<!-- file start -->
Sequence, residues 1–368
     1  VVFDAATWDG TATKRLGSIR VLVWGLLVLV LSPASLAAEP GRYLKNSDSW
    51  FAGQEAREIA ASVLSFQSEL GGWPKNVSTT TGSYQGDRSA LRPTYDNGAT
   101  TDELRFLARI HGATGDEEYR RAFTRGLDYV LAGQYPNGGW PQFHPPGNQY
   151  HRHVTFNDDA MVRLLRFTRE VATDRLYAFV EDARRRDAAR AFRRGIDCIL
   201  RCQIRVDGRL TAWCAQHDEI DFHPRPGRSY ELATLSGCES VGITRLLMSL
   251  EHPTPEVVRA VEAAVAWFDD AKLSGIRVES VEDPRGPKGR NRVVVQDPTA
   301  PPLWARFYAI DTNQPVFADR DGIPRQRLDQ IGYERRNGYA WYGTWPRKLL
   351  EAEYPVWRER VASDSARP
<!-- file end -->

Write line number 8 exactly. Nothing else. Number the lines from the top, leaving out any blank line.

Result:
   301  PPLWARFYAI DTNQPVFADR DGIPRQRLDQ IGYERRNGYA WYGTWPRKLL